Human Capital – Film Review

Paolo Virzi's twisting Italian drama humanises the carnage of capitalism against the backdrop of the financial crash

Paolo Virzi’s Italian drama Human Capital, based on the 2004 novel by American author Stephen Amidon, crafts a story told from multiple points of view twisting love, class and ambition around the true-life onset of the late noughties financial crash. Following the fates of two families that become intertwined – when a cyclist is critically injured during a hit and run – we meet a desperate middle-aged social climber, a bored super rich housewife and a mysterious schoolgirl who lives a double life.

The first chapter follows average Joe estate agent Dino (Fabrizio Bentivoglio) whose daughter Serena (Matilde Gioli) is seemingly besotted by her private school boyfriend Massimiliano (Guglielmo Pinelli). His penchant for drink driving puts him in the frame for the hit and run. ‘Massi’ is the son of wealthy hedge-fund manager Giovanni Bernaschi (Fabrizio Gifuni) whom Dino befriends. Mortgaging his house to join a get rich quick scheme the seeds seem sewn for Dino’s downfall. Meanwhile, Giovanni’s wife Carla (Valeria Bruni Tedeschi) spends her husband’s ill-gotten gains restoring a theatre and trying to reconnect with her artistic dreams. Virzi’s film reveals the arrogance of the rich as Carla realises she sold herself out years ago to a cold-hearted man. “You bet on the downfall of this country and you won,” she chides while still accepting the hand-outs his morally bankrupt career provides.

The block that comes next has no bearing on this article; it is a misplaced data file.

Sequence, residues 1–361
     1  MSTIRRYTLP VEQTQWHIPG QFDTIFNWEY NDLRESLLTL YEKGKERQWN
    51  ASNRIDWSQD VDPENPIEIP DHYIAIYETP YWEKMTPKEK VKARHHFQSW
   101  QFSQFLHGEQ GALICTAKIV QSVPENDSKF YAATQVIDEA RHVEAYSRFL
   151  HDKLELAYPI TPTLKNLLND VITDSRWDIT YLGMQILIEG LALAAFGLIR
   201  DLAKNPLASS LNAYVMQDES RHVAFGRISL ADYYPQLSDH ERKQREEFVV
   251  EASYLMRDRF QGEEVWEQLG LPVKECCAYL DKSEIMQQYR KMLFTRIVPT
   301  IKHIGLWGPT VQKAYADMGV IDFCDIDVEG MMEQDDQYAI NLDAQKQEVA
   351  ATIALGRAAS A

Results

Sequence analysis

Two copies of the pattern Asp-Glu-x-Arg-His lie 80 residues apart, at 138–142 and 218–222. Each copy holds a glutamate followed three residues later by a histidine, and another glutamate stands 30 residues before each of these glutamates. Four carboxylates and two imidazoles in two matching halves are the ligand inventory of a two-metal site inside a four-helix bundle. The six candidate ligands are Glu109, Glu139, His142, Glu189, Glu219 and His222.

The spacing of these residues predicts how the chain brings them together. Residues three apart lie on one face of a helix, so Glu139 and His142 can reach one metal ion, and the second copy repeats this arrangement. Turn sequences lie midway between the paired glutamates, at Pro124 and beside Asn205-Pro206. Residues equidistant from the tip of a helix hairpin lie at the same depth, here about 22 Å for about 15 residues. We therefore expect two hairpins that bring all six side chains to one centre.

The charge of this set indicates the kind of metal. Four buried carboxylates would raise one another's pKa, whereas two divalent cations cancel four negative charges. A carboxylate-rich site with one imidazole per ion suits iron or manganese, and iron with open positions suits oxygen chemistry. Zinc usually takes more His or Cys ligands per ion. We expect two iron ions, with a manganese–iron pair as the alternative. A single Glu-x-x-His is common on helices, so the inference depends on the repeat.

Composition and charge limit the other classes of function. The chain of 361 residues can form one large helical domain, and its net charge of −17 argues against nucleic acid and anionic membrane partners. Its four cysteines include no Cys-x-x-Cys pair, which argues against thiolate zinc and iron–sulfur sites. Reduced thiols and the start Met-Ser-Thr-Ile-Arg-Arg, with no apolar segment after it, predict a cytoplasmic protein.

But it’s the third act told from the point of view of Serena that unlocks the mysteries and shows the contrast between the haves and have-nots and the price we pay for our choices. The film’s title refers to the value of compensation insurance companies place on a person’s life based on earning capacity, life expectancy and quantity/quality of emotional bonds – the human capital. Virzi’s compellingly bleak analysis attempts to humanise the carnage of capitalism and, though prone to melodrama, will make you consider the sad fact that in some ways we all boil down to the sum of our financial worth.